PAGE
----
5 Min Read
* Saudi princes accused of laundering money for Hezbollah
* Lawyer tells High Court the allegation is "fanciful"
* Business dispute to go to trial in January
By Estelle Shirbon
LONDON, May 21 (Reuters) - Two Saudi princes on Tuesday sought to extricate themselves from a London legal battle with a Jordanian businessman who accuses them of laundering money for Hezbollah, an allegation their lawyer called "fanciful".
Prince Mishal bin Abdulaziz al Saud, a brother of Saudi Arabia's King Abdullah, and his son Prince Abdulaziz bin Mishal, had previously argued they had sovereign immunity from suit but the courts rejected that stance.
They also tried to keep details of the case secret on the grounds that making the allegations public would damage Saudi relations with Britain and the United States, which considers Hezbollah a terrorist organisation, but that failed in the Court of Appeal last week.
The Hezbollah allegation is likely to raise concern in Saudi Arabia, because Hezbollah is backed by foe Iran, and Hezbollah fighters are supporting President Bashar al-Assad in Syria while Saudi Arabia is a major backer of rebel forces.
John Wardell, a lawyer for the princes, told the High Court on Tuesday that Faisal Almhairat, an estranged business partner of Prince Abdulaziz, had fabricated "incredible tales" that were "fanciful", and argued that his clients should not be parties to the case at all.
He said Global Torch - the British Virgin Island company the younger prince is said to control - and not the princes should be the party at the trial when it comes to court in January.
The complex legal dispute stems from a tussle between Prince Abdulaziz and Almhairat over control of Fi Call Limited, a joint venture registered in London in 2009 and aimed at developing software to allow free calls over the Internet.
Global Torch, a shareholder in Fi Call, initiated the court proceedings, and Almhairat responded with several counter-claims about the princes. None of the main individuals involved has attended court.
Judge Geoffrey Vos said the allegations may seem "far-fetched" but that did not mean they were untrue. He said it would be for a trial judge to decide that.
In a court document filed in December 2011 and seen by Reuters, Almhairat says Prince Abdulaziz instigated a deal in Beirut in March 2010 whereby Fi Call issued a $5 million bank guarantee to a Hezbollah intermediary named as Abdul Razzak.
Almhairat says this was part of a money-laundering arrangement that earned Prince Abdulaziz $5 million, and that when Almhairat questioned the deal he was threatened with death.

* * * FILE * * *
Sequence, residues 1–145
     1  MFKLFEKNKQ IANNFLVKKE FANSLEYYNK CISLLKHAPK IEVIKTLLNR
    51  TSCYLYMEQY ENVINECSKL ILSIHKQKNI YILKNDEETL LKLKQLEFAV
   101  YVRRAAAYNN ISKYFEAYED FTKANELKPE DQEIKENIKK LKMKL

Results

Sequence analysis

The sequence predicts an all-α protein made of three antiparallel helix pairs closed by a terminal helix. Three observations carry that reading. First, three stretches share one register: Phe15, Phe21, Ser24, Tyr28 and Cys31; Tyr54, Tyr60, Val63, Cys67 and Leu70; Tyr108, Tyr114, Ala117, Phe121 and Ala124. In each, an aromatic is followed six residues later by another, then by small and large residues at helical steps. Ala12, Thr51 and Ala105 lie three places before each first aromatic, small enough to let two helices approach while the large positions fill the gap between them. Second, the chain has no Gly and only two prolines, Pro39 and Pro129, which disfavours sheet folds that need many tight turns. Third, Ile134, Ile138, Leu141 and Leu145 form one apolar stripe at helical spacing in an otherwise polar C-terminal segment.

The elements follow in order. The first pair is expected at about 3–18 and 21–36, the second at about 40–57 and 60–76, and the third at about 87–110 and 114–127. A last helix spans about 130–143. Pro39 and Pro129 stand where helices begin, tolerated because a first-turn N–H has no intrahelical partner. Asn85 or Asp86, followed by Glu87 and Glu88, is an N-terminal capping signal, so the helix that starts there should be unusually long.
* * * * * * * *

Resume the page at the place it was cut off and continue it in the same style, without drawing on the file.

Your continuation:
"We deal with whoever we want to deal with, whether it's Hezbollah, the Mafia or even the Jews," Prince Abdulaziz was quoted as saying in a phone call to Almhairat.
"Do as you are instructed. Otherwise your head will be at my feet without your body," the prince was alleged to have said.
Almhairat has said he recorded conversations with the princes on his telephone and made transcripts of what was said, but that the recordings were later stolen.
The document also quotes Prince Mishal telling Almhairat during a separate conversation at a Dubai hotel in April 2011 that he was involved in money-laundering.
Prince Mishal, 86, is a former defence minister and now chairs the Allegiance Council that will oversee the succession to the Saudi throne.
"You know that I move huge amounts of money for people like our friends the Mubaraks. We've been doing this business for years. We can move money for everyone, including the Iranians, because nobody dares to challenge us," Prince Mishal was quoted as saying by Almhairat.
In the document, Almhairat also alleges that in early 2011, Prince Abdulaziz arranged for Fi Call to pay $202,000 for a chartered flight from Nairobi to Amman, supposedly to transport the prince's camping equipment.
Almhairat says he discovered the true purpose was to smuggle minerals and precious stones from Congo worth hundreds of millions of dollars for the benefit of Prince Abdulaziz and possibly his father.
The hearing, scheduled to last three days, continues. (Editing by Mike Collett-White)